‘The Last Wave’ ~ an Island Novel:
Ever the aimless drifter, Harish finds the anchor his life needs in a chance encounter with Members of the ancient
– and threatened – Jarawa community: the ‘original people’ of the Andaman Islands and its tropical rainforests. As he observes the slow but sure destruction of everything the Jarawa require for their survival,
Harish is moved by a need to understand, to do something. His unlikely friend and partner on this quest
is Uncle Pame, a seventy-year-old Karen boatman whose father was brought to the islands from Burma by the British in the 1920s. The islands also bring him to Seema, a ‘local born’ – a descendant of the convicts who were lodged in the infamous Cellular Jail of Port Blair. Seema has seen the world, but unlike most educated islanders of her generation, she has decided to return home. Harish’s earnestness, his fascination and growing love for the islands, their shared attempt to understand the Jarawa and the loss of her own first love, all draw Seema closer to Harish. As many things seem to fall in place and parallel journeys converge, an unknown contender appears: the giant tsunami of December 2004. The Last Wave is a story of lost loves, but also of a culture, a community, an ecology poised on the sharp edge of time and history. The definitive Andaman novel…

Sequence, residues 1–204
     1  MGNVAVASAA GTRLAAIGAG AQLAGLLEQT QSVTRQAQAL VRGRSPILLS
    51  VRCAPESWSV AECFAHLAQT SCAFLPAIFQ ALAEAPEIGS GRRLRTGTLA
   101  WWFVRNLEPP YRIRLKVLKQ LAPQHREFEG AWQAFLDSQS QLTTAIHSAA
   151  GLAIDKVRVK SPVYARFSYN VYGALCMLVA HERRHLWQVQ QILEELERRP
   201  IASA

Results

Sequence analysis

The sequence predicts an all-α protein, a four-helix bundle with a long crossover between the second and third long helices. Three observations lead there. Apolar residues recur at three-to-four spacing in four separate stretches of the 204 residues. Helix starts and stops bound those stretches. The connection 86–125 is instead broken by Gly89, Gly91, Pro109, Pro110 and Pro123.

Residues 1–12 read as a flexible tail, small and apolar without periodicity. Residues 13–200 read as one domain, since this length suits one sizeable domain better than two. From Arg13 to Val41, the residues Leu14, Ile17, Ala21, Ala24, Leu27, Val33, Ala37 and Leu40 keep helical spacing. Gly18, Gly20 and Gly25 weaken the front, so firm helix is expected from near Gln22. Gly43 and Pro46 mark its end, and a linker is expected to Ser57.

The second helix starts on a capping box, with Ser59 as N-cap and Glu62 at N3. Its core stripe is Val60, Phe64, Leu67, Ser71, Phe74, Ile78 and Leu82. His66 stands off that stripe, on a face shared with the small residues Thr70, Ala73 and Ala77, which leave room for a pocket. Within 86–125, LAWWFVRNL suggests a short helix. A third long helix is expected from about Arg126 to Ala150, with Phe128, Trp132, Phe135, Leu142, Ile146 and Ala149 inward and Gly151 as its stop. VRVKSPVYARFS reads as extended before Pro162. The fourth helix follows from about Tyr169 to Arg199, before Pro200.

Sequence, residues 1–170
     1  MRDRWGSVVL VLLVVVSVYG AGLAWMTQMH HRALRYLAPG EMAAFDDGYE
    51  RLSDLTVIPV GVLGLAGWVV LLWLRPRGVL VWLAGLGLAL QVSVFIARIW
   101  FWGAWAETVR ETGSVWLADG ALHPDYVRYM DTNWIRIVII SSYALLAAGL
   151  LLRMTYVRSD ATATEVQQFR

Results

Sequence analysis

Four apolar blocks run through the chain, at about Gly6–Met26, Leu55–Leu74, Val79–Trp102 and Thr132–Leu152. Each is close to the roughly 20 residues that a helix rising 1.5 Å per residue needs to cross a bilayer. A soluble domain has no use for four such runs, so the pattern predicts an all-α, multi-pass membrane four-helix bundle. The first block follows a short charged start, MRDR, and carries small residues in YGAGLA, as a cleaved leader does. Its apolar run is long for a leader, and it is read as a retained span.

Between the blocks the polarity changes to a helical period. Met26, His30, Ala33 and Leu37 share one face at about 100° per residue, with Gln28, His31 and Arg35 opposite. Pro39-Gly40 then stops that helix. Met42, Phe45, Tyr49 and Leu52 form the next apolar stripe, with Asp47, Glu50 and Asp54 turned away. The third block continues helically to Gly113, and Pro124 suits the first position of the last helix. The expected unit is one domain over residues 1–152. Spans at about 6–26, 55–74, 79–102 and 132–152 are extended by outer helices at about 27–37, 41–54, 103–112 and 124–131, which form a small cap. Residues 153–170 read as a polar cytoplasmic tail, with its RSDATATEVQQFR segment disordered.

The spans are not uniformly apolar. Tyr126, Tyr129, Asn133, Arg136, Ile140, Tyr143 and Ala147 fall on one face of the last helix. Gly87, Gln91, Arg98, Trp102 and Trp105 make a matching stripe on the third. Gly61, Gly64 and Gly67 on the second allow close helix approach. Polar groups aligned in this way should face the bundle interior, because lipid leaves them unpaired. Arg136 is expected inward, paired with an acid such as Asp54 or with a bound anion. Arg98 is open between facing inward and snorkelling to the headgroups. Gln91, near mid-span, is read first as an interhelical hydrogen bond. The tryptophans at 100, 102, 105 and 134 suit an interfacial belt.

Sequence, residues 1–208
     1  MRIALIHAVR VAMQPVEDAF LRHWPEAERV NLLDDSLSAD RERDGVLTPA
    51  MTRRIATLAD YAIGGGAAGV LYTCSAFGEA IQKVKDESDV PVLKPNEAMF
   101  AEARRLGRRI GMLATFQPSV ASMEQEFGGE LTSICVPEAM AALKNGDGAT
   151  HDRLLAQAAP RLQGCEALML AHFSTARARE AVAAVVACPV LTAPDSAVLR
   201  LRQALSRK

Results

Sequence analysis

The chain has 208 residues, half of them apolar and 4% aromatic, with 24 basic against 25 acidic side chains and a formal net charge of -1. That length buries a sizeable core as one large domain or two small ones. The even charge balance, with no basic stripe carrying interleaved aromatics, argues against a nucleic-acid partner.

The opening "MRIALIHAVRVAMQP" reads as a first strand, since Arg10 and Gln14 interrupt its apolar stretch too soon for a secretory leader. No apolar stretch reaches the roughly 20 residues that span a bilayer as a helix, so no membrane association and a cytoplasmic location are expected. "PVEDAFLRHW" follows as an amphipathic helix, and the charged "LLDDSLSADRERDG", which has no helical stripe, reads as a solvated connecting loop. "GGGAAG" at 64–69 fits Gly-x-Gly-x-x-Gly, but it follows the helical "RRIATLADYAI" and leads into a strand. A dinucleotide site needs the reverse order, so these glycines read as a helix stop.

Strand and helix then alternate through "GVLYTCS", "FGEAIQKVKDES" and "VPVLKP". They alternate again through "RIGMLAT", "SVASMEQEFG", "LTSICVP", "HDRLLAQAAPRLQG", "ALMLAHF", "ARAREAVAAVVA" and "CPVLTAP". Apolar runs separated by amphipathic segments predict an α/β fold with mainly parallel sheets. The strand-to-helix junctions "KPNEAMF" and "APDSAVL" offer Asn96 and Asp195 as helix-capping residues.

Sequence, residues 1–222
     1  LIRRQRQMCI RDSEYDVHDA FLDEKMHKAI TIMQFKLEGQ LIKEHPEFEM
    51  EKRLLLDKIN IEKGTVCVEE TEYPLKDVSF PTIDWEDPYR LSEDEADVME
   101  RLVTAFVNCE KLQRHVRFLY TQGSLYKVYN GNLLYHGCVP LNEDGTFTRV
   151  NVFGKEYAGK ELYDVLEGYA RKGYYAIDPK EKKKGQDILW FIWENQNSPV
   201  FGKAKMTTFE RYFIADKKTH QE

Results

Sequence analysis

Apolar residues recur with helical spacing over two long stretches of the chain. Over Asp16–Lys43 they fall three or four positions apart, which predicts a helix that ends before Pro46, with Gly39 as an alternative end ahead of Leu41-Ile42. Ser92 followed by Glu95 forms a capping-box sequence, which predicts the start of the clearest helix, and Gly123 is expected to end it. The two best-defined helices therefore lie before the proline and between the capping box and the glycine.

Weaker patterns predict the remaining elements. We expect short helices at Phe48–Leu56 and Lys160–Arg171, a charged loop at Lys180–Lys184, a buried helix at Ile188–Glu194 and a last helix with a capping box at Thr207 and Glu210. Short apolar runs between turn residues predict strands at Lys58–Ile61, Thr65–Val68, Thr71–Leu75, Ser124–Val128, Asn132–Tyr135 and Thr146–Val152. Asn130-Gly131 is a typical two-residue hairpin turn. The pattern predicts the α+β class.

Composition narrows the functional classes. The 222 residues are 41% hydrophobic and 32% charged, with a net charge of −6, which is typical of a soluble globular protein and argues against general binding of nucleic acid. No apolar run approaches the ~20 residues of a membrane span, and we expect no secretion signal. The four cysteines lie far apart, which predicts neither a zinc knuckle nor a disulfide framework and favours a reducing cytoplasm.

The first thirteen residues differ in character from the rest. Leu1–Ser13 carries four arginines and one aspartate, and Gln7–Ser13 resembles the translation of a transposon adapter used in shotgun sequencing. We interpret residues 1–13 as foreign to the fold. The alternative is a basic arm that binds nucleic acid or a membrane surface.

Pankaj Sekhsaria is a researcher, writer, photographer, campaigner and academic. He has worked extensively in the field of environment and wildlife conservation with a particular focus on the Andaman and Nicobar Islands as part of his work with environmental NGO, Kalpavriksh.
He has been writing regularly on related issues for the English media since 1998, and is the author of two non-fiction books based on the islands: Troubled Islands (2003), a collection of his journalist writings, and The Jarawa Tribal Reserve Dossier: Cultural and biological diversity in the Andaman islands’ ( Jt. Editor, 2010). ‘The Last Wave’ is his debut novel based in the Andaman islands. He is currently an Assistant Professor at the Tata Institute of Social Sciences (TISS) in Hyderabad,
where he lives with his wife and four-year-old son.